Solid Shifting in the MINI

Removing the shifter from the housing.

If you’ve bought one of our short shifters, or ever had to do any work on the OEM shifter, you know how ridiculously difficult it is to get the retainer clip out of the housing. Even with half a dozen flat-blade screwdrivers and an extra person to help you, there’s a good chance that clip isn’t going to make it out of there in one piece.

The OEM housing, shifter, and clip.

This was an issue we needed to address very early on in our short shifter process, as the default solutions were either spend $600 to purchase the entire housing assembly from MINI, or just beg and plead with the automotive gods that yours didn’t break when you took it out.

The OEM clip, removed from the shifter.

Our first major breakthrough was the availability of 3D printing. Once we had an FDM printer on our desk, we could make our own replacement clips out of nylon. While it was a pain to hand finish all of these, they worked surprisingly well, and even tightened up the shifter feel a little bit.

A render of our 3D printed clip.

The problem with printing plastic pieces from filament is that the bonds between the layers aren’t as durable as we’d like them to be. After a few hot summers and cold winters, thermal expansion began to take its toll. While well suited to the everyday abuse of a commute or even a spirited weekend drive, our printed part will eventually become not as smooth or crisp as we would like it to be.

Our 3D printed clip.

We needed an alternate solution, and there were brief discussions of having our own mold made in order to replicate the OEM clip. The cost to make a mold combined with our dislike for the OEM design led us to investigate a fully machined version. In our first few iterations it was clear that the best advantage (apart from it being 100% solid) is that we could make a multi-piece assembly that would be easy to install and uninstall. Next it was time to nail down material choices.

OEM and 3D printed clips side by side.

We wanted the main body to be machined out of a plastic that would have decent flexibility and wear resistance, which narrowed our choices to a few polymers. Nylon, acetal, PEEK, teflon, and HDPE all fit within that category, so we started to compare cost, tensile strength, impact toughness, and machinability.

A render of the machined lower clip.

It came down to a choice between nylon and acetal. With acetal more likely to be used in bushings, bearings, and fittings, and also a good deal easier to machine, we decided to give it a try.

Our first lock design with the lower clip and main pivot.

We then worked on a design for the locking mechanism. We needed to make a part with three tabs that engage these slots on the housing.

Installing the new locking mechanism into the housing.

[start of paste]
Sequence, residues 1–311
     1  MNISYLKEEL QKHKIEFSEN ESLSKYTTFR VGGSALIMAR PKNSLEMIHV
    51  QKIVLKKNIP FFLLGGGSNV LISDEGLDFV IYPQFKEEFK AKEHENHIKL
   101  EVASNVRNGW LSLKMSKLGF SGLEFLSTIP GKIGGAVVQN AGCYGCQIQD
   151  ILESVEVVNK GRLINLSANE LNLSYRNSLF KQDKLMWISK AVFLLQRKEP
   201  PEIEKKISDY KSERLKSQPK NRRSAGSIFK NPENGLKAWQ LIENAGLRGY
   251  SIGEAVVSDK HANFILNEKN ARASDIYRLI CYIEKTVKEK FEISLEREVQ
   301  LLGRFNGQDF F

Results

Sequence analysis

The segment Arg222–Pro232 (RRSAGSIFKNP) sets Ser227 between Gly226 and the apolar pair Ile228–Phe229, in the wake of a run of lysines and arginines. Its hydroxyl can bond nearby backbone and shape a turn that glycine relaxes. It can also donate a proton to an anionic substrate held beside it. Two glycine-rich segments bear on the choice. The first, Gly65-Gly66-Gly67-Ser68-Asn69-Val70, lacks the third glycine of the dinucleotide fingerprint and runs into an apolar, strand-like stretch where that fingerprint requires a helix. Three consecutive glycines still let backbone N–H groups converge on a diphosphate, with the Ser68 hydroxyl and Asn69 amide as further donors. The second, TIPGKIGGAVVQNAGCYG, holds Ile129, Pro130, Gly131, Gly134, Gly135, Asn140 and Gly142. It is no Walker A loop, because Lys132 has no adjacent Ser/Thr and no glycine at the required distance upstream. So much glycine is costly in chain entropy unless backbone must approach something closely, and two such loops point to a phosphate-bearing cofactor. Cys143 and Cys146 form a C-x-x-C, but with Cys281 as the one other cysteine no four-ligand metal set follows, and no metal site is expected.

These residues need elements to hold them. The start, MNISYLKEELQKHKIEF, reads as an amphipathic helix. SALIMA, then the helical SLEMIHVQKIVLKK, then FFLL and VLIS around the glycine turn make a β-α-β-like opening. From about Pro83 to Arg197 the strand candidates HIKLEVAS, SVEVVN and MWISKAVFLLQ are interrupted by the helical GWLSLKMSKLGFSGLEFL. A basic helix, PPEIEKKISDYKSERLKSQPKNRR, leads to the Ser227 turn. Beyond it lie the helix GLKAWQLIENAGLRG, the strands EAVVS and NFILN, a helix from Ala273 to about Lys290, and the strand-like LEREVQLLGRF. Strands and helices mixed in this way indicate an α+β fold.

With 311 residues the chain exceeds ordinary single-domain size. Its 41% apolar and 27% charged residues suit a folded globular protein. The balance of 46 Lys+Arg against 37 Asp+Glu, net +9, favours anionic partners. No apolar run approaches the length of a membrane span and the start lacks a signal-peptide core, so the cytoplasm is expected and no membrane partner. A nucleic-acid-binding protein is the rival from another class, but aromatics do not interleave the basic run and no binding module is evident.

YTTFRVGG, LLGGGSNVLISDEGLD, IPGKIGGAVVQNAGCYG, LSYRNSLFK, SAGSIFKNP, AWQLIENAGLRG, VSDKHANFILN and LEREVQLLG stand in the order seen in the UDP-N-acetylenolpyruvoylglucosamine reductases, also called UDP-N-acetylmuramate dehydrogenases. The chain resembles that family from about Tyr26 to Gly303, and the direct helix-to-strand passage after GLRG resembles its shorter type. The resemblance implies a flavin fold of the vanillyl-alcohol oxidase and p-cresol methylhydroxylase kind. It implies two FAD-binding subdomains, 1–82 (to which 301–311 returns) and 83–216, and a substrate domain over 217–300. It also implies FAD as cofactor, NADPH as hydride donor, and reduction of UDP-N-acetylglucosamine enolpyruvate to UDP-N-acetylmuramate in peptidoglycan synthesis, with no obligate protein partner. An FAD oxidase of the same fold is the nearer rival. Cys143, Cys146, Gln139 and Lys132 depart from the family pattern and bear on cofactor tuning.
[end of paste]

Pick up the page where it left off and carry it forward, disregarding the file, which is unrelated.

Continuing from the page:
A variety of different stainless steel shapes were drawn and redrawn. It needed to secure the shifter better than OEM, but it also needed to be way less of a hassle to put in and take out. We prototyped a single piece construction that locked into all 3 slots simultaneously, but it was tricky to install and was prone to break if removed too often.

A render of our first locking mechanism.

The simpler option was much more effective. We split the single piece lock into three separate pieces. With 6 bolts to hold each lock into place on both sides, the assembly was extremely secure.

A render of the assembly with the final lock design.

We noticed during this process is that the variation between housings cause it to rattle. Because the machining process is so much more precise than that of injection molding, and the lower clip was clamping against the main pivot, the outside profile of the lower clip would slide around inside the housing. Even a few thousandths of an inch of a gap was noticeable. The locking tabs would also bounce up and down inside the housing.

Installing the o-ring on the shoulder of the lower clip.

To alleviate both problems, we cut a shoulder into the bottom of the lower clip to allow for a square o-ring. This stops the lower retainer from moving around inside the housing, and also pushes the stainless locks up into the top of the slots, reducing the occurrence of any unwanted noise.

The final rendering of the assembly.

When determining how to fasten everything together, we discovered that there wasn't a wide variety of options. We needed to use the largest bolts possible for strength, and found that low profile socket head M4x0.7 screws fit best. Unfortunately because of the size of the heads, the assembly won't fit down into the deeper housing found in the R53.

Half section view of the assembly.

Designing the top piece was a really fun way to put a bow on this project. By creating an oversized clearance slot for the locks on the top ring, we give users the ability to adjust the shifter feel. It all comes down to how you tighten the bolts. Lightly snug will emulate the shifter feel you get with the OE clip.

Housing with machined clip and OEM clip side by side.

Applying a bit more torque to the six low-profile socket heads will tighten up the neutral return action on the shifter, and reduce some of the noise that the linkage makes. The threaded holes in the acetal lower clip are naturally undersize, and the slightly elastic nature of the polymer will prevent the stainless hardware from backing out or coming loose.

A close-up of the clip assembly.

All of this comes together to be the perfect way to fix your broken clip problem and smooth out your shifting.

Unassembled view of all the components.